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EHN Provides Customized Eating Disorder Treatment By Combining Services of Bellwood and WaterStone Clinic

During the holidays, many people are busy shopping for gifts, baking Christmas goodies or decorating their Christmas tree. They are spending time with their families and friends, and enjoying holiday celebrations. But for someone with an eating disorder, this time of year can be a nightmare. There is such an emphasis on food and indulging. Relatives who are unfamiliar with eating disorder make comments on weight, shape or the amount of food consumed. It causes a lot of stress and anxiety as they think about large groups of people watching them eat. Close family members are often on high-alert, running interference between relatives, as well as keeping any eye on any restricting, binging or purging behaviors.

So, how many Canadians have an eating disorder? The latest statistics reveal that approximately 300,000 Canadians – that’s men and women – are suffering with an eating disorder. And it has the highest mortality rate in comparison to all other mental health illnesses. The wait lists for beds at eating disorder units in Canada can be very long. By then, several people may get worse or die from their illness.

Waterstone Logo

In order to expand the available eating disorder programs, we are combining our two established eating disorder programs, Bellwood Health Services and WaterStone Clinic. With this partnership, we will be able to offer residential stays and addiction treatment through Bellwood Health Services and eating disorder treatment through WaterStone Clinic.  Whether a client suffers from anorexia nervosa, bulimia nervosa or binge eating disorder, we will be able to create a customized treatment plan that is tailored to them and takes advantage of all our new capabilities.  Moreover, this clinical initiative will simultaneously offer treatment for clients with co-occurring addictions and eating disorders.

Together, we will be able to provide customized treatment and on-going support for people with eating disorders.

Here are some tips for those in eating disorder recovery for getting through the holidays safely:

5 Ways to Stay Strong in ED Recovery-EHN

  1. 1. Develop a plan and decide what tools or techniques you will use in case you encounter a specific place or person so that you can ensure you practice healthy eating habits.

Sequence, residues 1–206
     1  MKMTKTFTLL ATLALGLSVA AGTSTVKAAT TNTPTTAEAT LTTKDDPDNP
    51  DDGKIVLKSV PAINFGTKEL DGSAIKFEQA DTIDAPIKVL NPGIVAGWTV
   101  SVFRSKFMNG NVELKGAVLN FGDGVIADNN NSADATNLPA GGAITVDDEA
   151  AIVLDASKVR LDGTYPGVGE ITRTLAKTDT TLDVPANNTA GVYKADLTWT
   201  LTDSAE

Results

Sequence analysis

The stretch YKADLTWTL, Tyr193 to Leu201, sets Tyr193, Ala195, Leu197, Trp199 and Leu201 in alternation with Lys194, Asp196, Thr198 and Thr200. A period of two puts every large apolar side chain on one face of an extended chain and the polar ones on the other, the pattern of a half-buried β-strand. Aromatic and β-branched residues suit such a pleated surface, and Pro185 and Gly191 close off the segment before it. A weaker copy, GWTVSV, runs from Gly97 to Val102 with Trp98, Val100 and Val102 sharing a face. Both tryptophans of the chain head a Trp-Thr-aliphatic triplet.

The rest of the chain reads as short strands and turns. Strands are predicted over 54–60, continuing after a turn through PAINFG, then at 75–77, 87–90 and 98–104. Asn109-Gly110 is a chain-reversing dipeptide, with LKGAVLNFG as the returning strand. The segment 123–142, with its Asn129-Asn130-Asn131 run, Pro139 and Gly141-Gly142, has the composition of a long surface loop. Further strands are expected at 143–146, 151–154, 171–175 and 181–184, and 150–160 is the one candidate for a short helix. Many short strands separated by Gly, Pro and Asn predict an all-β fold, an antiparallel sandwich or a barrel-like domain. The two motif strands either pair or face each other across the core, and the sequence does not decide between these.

2. 2. It’s important that you take care of your body to ensure your emotional health is in check. Getting enough sleep, exercise and proper nutrition will allow you to be in a healthy state of mind.
  3. 3. Reaching out and staying connected to your support buddies will help you manage stressful situations that are making you feel anxious or sad.
  4. 4. The holiday season can be extremely hectic and it’s easy to get caught up in the commotion, so try to be mindful and stay present.
  5. 5. By the way, you don’t have to love the holidays. You just have to get through it- and you will, with the right tools and support from your family, coworkers, friends or recovery network.

If you need to get in touch with someone at any of our treatment centres or at the Edgewood Health Network, please call:

Bellwood Health Services at 416-495-0926 or visit bellwood.ca

Edgewood Health Network at 647-748-5501

Binge Eating Disorder Deserving of More Recognition and Treatment Options

Binge Eating Disorder Treatments

Eating Disorder Awareness Week is February 1–7, 2015 and Bellwood Health Services is using this opportunity to raise awareness of Binge Eating Disorder – the most common but least talked about type of eating disorders.

When asked about eating disorders, most people immediately think of Anorexia Nervosa. Although anorexia is a very serious and sometimes life threatening eating disorder, years of movies, and magazine articles focusing on celebrities struggling with this issue, has given us the idea that it is also the most common of all eating disorders.  In fact, it is actually the least prevalent of the eating disorders.

Research has found that binge eating disorder affects 3.5% of women and 2% of men, with an average lifetime duration of 8.3 years (Hudson, Hiripi, Pope & Kessler, 2007).  This means that binge eating disorder affects more people than anorexia and bulimia combined, and can be life-long problem.

The primary symptoms of binge eating disorder are consumptions of large quantities of food, and the individual feels as though they have no control over this consumption. The individual often eats large amounts quickly, and secretively. Unlike bulimia, the individual does not attempt to compensate for food intake through purging or over-exercising.  Binge eating disorder affects men and women fairly evenly, and the affected age group is broader than other forms of eating disorders.

According to Lauren Goldhamer, Eating Disorders Therapist at Bellwood Health Services, there are many misconceptions about binge eating that have helped keep it in the shadows.  “Most people feel shame, and hide the problem from others.  In fact, in front of others, they may eat normally or even appear to be dieting to conceal the problem.  You usually cannot determine if someone is struggling with binge eating based on their body size.  For these reasons, the problem can be ‘invisible.’”

Bellwood Health Services is one of the few residential eating disorders treatment programs in Canada that treat binge eating disorder.  “The lack of quality or available treatment options are often reasons why there are not more people seeking help for the problem,” states Ms. Goldhamer.  Other reasons why few people tend to seek treatment include: